Expedite Msomera relocation, VP tells NCAA

VICE- PRESIDENT, Dr Philip Mpango has challenged the Ngorongoro Conservation Area Authority to expedite the voluntary relocation of residents from the protected area.

The move is aimed at implementing President Samia Suluhu Hassan directive geared towards striking the right balance between conservation and people’s livelihoods.

It also seeks to save the Man and Biosphere Reserve from extinction.

Dr Mpango, who was speaking shortly after after laying the foundation stone on the ongoing construction of the state-of-the-art NCAA’s headquarters in Karatu midweek, rallied the conservation agency to fast-track the process in salvaging the biosphere reserve.

“While commending you for successfully completing the first phase of voluntary relocation, it is still important to expeditiously execute the exercise as we move to the second phase as we strive to reduce pressure in the area,” the Vice-President observed.

Dr Mpango further commended NCAA for taking a lead role in rescuing the world heritage site by moving their offices from the Ngorongoro Conservation Area.

“This is a clear gesture on how you are eager to make conservation sustainable,” he said.

Earlier on, Tourism and Natural Resources Minister, Mohamed Mchengerwa informed the Vice President that a total 551 households which equates to 3010 residents had already moved to Msomera village in Handeni District, Tanga Region as of January this year.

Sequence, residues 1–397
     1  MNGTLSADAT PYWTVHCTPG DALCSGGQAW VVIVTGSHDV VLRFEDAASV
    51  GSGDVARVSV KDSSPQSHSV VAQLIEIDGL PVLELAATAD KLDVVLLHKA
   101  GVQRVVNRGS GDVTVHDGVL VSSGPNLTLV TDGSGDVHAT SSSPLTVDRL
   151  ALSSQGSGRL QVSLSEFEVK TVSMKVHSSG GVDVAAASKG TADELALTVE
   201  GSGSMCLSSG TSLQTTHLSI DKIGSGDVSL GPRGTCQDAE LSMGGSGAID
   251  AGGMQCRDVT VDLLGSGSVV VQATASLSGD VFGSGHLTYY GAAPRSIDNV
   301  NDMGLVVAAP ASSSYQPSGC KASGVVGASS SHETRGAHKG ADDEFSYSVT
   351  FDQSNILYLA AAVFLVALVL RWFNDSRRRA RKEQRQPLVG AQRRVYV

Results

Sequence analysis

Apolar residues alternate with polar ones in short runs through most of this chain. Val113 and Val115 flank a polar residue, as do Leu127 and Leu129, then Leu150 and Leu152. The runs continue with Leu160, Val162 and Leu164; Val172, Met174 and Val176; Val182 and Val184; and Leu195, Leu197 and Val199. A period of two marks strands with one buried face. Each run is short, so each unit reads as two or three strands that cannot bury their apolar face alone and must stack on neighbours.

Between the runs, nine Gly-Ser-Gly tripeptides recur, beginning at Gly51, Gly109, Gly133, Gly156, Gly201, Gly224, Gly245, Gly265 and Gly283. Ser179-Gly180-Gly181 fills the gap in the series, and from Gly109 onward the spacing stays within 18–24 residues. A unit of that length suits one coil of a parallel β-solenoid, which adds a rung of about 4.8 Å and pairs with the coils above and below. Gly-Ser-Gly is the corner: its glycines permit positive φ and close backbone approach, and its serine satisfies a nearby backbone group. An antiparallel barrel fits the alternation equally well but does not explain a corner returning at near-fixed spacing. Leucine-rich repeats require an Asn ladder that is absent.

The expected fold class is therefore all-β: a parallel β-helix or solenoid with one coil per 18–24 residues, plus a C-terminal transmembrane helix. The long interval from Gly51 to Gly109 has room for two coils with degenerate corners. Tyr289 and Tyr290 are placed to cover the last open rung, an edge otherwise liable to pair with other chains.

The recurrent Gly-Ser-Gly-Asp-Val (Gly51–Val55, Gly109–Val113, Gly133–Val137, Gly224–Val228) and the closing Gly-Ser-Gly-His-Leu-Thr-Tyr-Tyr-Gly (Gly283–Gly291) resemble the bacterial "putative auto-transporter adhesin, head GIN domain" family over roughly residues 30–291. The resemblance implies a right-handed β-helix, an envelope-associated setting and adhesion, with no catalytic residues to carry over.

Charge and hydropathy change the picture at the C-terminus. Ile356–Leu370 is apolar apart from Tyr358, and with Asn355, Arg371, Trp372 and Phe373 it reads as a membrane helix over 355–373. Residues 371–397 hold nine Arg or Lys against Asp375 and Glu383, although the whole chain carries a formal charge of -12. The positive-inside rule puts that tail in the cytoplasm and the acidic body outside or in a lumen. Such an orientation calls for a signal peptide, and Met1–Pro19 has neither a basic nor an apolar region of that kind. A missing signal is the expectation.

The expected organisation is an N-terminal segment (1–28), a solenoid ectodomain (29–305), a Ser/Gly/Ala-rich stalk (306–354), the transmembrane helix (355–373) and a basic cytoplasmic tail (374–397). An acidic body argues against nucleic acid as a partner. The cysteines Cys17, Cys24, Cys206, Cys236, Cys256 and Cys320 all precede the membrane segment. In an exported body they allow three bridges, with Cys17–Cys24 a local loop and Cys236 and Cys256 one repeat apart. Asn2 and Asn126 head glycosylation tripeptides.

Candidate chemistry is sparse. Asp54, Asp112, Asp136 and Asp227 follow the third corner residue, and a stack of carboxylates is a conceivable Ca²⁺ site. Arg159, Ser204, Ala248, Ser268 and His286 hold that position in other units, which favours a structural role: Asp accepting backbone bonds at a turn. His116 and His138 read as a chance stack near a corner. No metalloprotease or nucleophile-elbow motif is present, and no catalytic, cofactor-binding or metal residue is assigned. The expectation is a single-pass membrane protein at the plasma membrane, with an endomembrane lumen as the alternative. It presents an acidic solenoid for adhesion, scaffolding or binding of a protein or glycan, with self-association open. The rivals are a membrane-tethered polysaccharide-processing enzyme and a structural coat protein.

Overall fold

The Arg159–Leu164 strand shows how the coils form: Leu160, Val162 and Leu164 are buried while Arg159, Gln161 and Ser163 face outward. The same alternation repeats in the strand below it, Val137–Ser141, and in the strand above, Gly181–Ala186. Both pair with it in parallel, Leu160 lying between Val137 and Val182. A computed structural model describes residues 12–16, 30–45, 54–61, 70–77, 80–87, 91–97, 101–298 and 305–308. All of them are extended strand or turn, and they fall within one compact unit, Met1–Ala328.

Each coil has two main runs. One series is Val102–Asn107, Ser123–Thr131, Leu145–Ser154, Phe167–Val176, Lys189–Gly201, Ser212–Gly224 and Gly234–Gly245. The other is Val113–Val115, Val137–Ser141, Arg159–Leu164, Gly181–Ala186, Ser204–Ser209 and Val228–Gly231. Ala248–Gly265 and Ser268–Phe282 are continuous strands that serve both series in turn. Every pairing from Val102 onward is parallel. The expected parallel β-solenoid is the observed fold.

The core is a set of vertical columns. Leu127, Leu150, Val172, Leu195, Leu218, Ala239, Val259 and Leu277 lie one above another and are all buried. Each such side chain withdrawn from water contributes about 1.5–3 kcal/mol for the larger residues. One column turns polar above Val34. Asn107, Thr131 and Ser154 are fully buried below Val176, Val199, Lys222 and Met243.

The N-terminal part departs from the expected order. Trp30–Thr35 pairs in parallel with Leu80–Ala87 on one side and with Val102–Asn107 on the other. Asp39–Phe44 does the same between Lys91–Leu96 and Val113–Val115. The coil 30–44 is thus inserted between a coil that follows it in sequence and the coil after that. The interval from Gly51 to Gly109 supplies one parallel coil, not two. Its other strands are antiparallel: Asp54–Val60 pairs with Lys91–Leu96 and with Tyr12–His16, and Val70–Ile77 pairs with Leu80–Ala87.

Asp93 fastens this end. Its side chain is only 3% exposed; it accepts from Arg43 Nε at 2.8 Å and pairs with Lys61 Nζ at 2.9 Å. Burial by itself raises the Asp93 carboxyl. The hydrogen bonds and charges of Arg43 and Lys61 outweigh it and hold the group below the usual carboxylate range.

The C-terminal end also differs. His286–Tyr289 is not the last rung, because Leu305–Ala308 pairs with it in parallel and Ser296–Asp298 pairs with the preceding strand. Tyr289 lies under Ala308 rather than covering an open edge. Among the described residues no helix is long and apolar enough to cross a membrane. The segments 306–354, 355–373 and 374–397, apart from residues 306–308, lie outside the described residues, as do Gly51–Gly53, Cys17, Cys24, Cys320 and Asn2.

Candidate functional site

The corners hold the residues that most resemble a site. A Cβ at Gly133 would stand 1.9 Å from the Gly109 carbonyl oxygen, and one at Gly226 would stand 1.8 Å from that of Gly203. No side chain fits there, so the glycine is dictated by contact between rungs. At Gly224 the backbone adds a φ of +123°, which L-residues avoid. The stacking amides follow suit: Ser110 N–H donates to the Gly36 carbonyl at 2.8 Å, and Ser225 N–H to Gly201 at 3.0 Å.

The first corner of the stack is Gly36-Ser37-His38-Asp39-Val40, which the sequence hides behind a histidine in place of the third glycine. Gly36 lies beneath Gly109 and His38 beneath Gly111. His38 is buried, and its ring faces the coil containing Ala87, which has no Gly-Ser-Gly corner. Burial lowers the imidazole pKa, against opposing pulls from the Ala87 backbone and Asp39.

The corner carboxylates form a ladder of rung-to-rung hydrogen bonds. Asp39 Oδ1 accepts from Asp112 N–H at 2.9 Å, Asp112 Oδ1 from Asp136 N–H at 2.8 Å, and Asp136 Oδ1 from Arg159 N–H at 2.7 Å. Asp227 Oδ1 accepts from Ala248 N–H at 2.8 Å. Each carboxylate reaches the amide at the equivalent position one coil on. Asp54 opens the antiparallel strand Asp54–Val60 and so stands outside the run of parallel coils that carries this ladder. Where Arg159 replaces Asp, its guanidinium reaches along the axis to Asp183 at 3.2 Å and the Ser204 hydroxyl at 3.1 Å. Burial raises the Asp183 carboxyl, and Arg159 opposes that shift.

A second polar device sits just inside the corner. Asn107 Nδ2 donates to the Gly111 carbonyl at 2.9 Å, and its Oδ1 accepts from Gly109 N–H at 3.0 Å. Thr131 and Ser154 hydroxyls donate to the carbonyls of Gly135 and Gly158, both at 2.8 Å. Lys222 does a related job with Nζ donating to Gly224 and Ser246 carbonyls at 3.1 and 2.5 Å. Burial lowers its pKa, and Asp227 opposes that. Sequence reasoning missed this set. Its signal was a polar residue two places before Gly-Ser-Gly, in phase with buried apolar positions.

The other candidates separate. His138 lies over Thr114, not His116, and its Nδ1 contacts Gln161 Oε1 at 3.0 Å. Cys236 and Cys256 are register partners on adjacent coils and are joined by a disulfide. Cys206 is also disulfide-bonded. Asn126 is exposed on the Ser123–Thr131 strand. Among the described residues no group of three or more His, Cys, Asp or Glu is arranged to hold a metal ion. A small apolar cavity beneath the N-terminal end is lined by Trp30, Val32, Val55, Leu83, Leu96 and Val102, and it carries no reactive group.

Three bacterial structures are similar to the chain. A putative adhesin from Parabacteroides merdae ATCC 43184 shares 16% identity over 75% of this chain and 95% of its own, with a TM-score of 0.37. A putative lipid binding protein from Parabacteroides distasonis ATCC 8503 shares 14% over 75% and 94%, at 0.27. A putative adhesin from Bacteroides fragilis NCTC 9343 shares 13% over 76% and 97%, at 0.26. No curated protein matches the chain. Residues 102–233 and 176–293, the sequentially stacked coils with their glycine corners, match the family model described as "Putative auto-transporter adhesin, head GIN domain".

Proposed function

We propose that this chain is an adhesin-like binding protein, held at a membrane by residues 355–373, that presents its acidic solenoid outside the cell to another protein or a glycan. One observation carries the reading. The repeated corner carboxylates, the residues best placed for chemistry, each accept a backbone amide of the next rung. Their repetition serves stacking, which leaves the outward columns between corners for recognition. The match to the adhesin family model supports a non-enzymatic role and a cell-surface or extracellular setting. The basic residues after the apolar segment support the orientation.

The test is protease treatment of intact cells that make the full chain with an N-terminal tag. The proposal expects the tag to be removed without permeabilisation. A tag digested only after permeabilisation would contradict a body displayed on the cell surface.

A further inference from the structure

The residents were joined by 15,321 livestock in their new surroundings.

“Those willing to move to Msomera have continued to register and we hope to start the exercise this month,” said the minister.

According to Mr Mchengerwa, the second phase of the voluntary exodus is due to completed in December this year.

The government had identified Msomera village in Tanga and Kitwai in Simanjiro, Manyara region as ideal areas to relocate those willing to vacate the mixed wild heritage site.

Those who have since moved to Msomera have slowly but surely been adjusting to life after the government provided them with houses and grazing lands

The number of humans living in Ngorongoro has shot up from 8,000 in 1959 to more than 110,000 in 2021.

The livestock population has also grown even more quickly, from around 260,000 head in 2017 to over one million today.

The sheer increase in the number of residents has seen livestock competing for grass with wild animals, mushrooming of human settlements that have in turn scared away wild animals and the escalation of Human Wildlife Conflicts (HWCs).

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